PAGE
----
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Front Microbiol. 2017 Dec 12;8:2211. doi: 10.3389/fmicb.2017.02211. eCollection 2017.

Evaluation of Nucleic Acid Isothermal Amplification Methods for Human Clinical Microbial Infection Detection.

Author information

1
Department of Osteopathic Medical Specialties, Section of Emergency Medicine, College of Osteopathic Medicine, Michigan State University, East Lansing, MI, United States.
2
Civil and Environmental Engineering, Michigan State University, East Lansing, MI, United States.
3
The Center for Microbial Ecology, Michigan State University, East Lansing, MI, United States.
4
Bioresources Unit, Austrian Institute of Technology GmbH, Tulln, Austria.
5
Department of Microbiology, Sparrow Laboratories, Sparrow Health System, Lansing, MI, United States.
6
Department of Microbiology and Molecular Genetics, Michigan State University, East Lansing, MI, United States.

Abstract

Battling infection is a major healthcare objective. Untreated infections can rapidly evolve toward the condition of sepsis in which the body begins to fail and resuscitation becomes critical and tenuous. Identification of infection followed by rapid antimicrobial treatment are primary goals of medical care, but precise identification of offending organisms by current methods is slow and broad spectrum empirical therapy is employed to cover most potential pathogens. Current methods for identification of bacterial pathogens in a clinical setting typically require days of time, or a 4- to 8-h growth phase followed by DNA extraction, purification and PCR-based amplification. We demonstrate rapid (70-120 min) genetic diagnostics methods utilizing loop-mediated isothermal amplification (LAMP) to test for 15 common infection pathogen targets, called the Infection Diagnosis Panel (In-Dx). The method utilizes filtration to rapidly concentrate bacteria in sample matrices with lower bacterial loads and direct LAMP amplification without DNA purification from clinical blood, urine, wound, sputum and stool samples. The In-Dx panel was tested using two methods of detection: (1) real-time thermocycler fluorescent detection of LAMP amplification and (2) visual discrimination of color change in the presence of Eriochrome Black T (EBT) dye following amplification. In total, 239 duplicate samples were collected (31 blood, 122 urine, 73 mucocutaneous wound/swab, 11 sputum and two stool) from 229 prospectively enrolled hospital patients with suspected clinical infection and analyzed both at the hospital and by In-Dx. Sensitivity (Se) of the In-Dx panel targets pathogens from urine samples by In-Dx was 91.1% and specificity (Sp) was 97.3%, with a positive predictive value (PPV) of 53.7% and a negative predictive value (NPV) of 99.7% as compared to clinical microbial detection methods. Sensitivity of detection of the In-Dx panel from mucocutaneous swab samples was 65.5% with a Sp of 99.3%, and a PPV of 84% and NPV of 98% as compared to clinical microbial detection methods. Results indicate the LAMP-based In-Dx panel allows rapid and precise diagnosis of clinical infections by targeted pathogens across multiple culture types for point-of-care utilization.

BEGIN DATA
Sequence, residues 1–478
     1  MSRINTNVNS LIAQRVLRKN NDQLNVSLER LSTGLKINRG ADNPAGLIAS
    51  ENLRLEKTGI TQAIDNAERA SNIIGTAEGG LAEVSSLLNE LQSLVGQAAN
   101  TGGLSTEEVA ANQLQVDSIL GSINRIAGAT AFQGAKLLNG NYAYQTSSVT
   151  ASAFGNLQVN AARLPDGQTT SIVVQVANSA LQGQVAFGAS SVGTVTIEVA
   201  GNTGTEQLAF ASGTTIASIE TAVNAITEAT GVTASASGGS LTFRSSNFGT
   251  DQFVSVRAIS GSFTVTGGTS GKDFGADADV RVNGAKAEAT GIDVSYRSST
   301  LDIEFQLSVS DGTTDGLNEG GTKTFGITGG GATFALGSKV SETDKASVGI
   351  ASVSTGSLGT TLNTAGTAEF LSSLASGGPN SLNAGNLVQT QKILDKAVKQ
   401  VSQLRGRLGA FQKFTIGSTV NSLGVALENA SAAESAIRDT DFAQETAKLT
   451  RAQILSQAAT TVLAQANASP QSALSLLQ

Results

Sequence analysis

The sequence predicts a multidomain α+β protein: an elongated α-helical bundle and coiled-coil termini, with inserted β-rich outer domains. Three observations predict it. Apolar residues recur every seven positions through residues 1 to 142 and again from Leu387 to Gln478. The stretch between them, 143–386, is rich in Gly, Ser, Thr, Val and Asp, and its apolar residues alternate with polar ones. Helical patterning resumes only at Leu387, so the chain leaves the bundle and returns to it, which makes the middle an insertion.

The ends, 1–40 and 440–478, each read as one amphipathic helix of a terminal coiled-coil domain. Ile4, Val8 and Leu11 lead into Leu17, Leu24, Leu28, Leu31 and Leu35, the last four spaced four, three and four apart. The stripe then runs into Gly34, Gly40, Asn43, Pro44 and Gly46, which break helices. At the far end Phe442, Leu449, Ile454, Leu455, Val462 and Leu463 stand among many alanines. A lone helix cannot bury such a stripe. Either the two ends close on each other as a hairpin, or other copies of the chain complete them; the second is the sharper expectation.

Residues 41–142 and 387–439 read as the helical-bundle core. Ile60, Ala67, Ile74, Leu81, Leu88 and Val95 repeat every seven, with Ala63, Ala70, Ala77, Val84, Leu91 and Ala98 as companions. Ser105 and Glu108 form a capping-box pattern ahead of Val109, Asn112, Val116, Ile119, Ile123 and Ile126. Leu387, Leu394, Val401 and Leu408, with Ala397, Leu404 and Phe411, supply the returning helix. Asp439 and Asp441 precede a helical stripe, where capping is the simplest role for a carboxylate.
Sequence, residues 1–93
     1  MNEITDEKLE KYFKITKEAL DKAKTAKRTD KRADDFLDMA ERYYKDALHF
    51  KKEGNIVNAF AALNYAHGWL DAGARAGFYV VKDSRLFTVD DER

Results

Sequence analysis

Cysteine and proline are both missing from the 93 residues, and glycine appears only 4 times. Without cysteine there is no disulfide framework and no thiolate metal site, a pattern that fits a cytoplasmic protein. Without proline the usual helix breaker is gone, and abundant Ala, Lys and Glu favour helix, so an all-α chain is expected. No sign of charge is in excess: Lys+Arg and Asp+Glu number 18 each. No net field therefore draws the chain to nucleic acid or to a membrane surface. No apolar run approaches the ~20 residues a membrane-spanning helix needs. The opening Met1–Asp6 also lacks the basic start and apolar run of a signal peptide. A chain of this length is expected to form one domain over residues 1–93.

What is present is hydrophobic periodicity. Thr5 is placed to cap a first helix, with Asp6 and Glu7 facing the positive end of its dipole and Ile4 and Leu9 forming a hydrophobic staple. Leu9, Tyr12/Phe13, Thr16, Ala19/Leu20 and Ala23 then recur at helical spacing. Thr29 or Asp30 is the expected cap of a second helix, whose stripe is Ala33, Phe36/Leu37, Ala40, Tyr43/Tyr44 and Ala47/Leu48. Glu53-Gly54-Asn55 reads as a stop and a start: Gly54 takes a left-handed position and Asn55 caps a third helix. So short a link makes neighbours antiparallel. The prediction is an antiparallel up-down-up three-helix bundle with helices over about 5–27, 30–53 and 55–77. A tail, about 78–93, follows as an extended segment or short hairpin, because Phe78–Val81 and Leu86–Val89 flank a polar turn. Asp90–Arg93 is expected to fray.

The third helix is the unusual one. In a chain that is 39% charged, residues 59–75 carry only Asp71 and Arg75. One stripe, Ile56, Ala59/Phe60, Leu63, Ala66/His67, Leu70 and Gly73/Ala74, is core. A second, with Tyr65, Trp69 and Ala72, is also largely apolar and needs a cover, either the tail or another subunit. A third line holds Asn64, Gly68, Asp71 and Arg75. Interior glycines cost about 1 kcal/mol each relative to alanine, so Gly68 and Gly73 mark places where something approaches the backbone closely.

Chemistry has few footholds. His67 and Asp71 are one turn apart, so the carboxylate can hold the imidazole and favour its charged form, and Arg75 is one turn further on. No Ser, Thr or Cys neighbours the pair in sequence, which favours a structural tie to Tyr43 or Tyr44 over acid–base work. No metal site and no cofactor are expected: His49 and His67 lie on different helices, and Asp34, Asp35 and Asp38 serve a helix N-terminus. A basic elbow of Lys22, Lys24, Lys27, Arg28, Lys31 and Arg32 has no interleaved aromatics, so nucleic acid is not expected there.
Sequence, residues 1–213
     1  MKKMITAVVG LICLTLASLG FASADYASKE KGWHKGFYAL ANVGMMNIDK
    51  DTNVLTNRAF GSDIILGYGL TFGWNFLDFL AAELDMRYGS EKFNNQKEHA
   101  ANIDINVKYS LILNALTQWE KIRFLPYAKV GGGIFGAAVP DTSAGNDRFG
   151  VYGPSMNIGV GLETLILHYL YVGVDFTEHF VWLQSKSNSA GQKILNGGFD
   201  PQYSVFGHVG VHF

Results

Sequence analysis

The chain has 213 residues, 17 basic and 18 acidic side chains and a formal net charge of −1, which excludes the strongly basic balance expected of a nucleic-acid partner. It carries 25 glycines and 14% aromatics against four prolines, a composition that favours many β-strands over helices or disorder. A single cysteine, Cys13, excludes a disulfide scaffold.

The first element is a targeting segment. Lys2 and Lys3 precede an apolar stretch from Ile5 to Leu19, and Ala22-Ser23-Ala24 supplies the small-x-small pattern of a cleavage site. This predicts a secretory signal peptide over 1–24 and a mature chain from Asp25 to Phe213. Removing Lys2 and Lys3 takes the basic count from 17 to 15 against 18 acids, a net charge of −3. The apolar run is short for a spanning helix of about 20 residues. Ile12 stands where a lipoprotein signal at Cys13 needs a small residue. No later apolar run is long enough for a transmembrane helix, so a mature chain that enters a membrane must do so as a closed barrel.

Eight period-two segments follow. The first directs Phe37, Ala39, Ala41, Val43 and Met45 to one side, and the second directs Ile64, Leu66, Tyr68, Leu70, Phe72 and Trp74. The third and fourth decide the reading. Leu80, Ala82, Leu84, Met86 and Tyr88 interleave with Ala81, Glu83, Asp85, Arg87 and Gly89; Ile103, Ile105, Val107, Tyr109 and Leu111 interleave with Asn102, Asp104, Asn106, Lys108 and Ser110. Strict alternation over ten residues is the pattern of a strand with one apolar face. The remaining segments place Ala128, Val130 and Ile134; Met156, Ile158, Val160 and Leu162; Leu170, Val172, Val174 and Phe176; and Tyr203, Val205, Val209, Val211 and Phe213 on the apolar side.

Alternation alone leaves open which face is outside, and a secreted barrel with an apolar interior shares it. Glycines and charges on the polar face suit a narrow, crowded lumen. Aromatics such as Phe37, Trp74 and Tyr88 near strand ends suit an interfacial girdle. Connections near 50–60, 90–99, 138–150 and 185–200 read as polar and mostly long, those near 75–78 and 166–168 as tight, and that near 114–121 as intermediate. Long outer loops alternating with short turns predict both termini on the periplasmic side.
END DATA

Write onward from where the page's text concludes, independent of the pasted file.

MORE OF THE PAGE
KEYWORDS:

clinical pathogen infection; direct amplification; rapid detection; sepsis

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